1Co_6:20. Christ has purchased the whole man. Through His spotless offering we are enabled to sanctify the body. Originally man was the dwelling-place and peculiar possession of the Godhead, and after his fall he was purchased anew for the same purpose by the redemption of Christ so precious; therefore ought men to consecrate themselves to God; and to this end should we purify ourselves from all filthiness of the flesh and of the spirit. 2Co_7:1.


1Co_6:12 : By our misuse of freedom we are, for the most part, brought into bondage. Freedom is a condition wherein I am able both to use and also to misuse objects with ease.

1Co_6:13. He who with every morsel he eats takes into himself something of that condemnation of death under which all things lie, will deem the pleasure to be enjoyed in eating as the least possible, and will be as little inclined to boast therein as a criminal would boast over his parting meal. Through the sense of shame imprinted by the finger of God upon the human heart, and by our longing after our primeval innocence, we are powerfully admonished to employ the power furnished by Christ’s grace, for the proper preservation of the body and its members, and to bring them by means of it to the service of righteousness and fruits of sanctification; and for this reason also to rejoice that the Lord also belongs to the body, that the protection, love, and grace of God in Jesus Christ extends also over this, and works out its sanctification through His Spirit; yea, also its glorification at the resurrection.

1Co_6:14. The liberty of giving one’s body to fornication, and the hope of resurrection to life eternal, cannot co-exist in the heart. Those thorns choke this seed, and by the gross abuse of the body do we forfeit the enjoyment of the hidden manna, which is intended also for the nourishment of the bodies of the saints in eternal life.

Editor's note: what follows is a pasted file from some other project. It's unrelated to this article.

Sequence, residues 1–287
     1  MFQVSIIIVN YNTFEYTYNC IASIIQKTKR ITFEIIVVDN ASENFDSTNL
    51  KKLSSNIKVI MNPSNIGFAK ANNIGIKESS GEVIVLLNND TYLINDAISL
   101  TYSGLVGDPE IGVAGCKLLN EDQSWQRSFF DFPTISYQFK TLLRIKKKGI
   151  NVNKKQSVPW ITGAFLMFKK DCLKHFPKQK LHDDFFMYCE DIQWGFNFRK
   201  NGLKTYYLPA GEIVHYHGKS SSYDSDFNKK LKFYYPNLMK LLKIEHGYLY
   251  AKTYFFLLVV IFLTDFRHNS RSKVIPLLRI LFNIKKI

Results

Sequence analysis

1Co_6:15-16. Our bodies are Christ’s members, since from Christ, the Head, there flows down upon them also both life and pleasure, and power to serve God and His righteousness, and also the control of His Spirit, together with the hope and desire of making manifest the mind of Christ also in our daily walk and conversation. But when a person withdraws his members from their proper Lord and Head, and in this way interrupts that enjoyment which flows from such communion, and destroys his peace and joy in the Holy Ghost; and besides this becomes joined to a harlot or a debauchee; then does such conduct bring with it such servitude of the whole man as compels a participation of all the other members likewise, or at least infects them with its own impurities, as if these were their own. What ought to happen according to God’s ordinance only in lawful marriage, this happens also through commerce with a harlot; but it happens in such a way as to leave traces in the body and its members, which shall follow the guilty one even unto the resurrection of damnation.

1Co_6:17. By idolizing the creature and by the pleasure sought therein, man becomes carnal; by cleaving to the Creator he becomes spiritual.

1Co_6:18. The deeper the fire of lust lies in any individual, and the more the example of others and the hope that it will remain concealed and unpunished and the excuses furnished for it by man’s wit, blow upon it to inflame it, the more need have we of the faithful watchman’s alarm: “Flee fornication.”

Ver.19. A temple is consecrated to God and to His service; it is also decorated by God with many tokens of His grace. What a comfort then is it believingly to regard our body as built and furnished by God’s hand, bought by Christ’s blood, and consecrated in baptism to be a possession of God in Christ! Assaulted, indeed, and alas! too often overcome through the jealousy of the Devil, by all manner of alien powers, yet rescued again by the might of grace, and made meet to be the dwelling-place of God’s Spirit! Ah, what a glorious thing it will be to carry a celestial body in which evil lusts no more dwell!


1Co_6:12. The doctrine of Christian freedom cannot be more basely perverted than when employed to the gratification of fleshly lusts. The rule of its use is a consistent regard for self and for neighbor. The Christian should allow himself to be fettered by nothing. True freedom is to be bound by no lusts.

1Co_6:13. God has given us the body for holy purposes, its members and powers are, as it were, an image of the Divine Creative Power. Everything in us should be consecrated to the service of God. The Lord has become also the Saviour of the body, in that He has freed it from eternal death, and has earned for it its resurrection.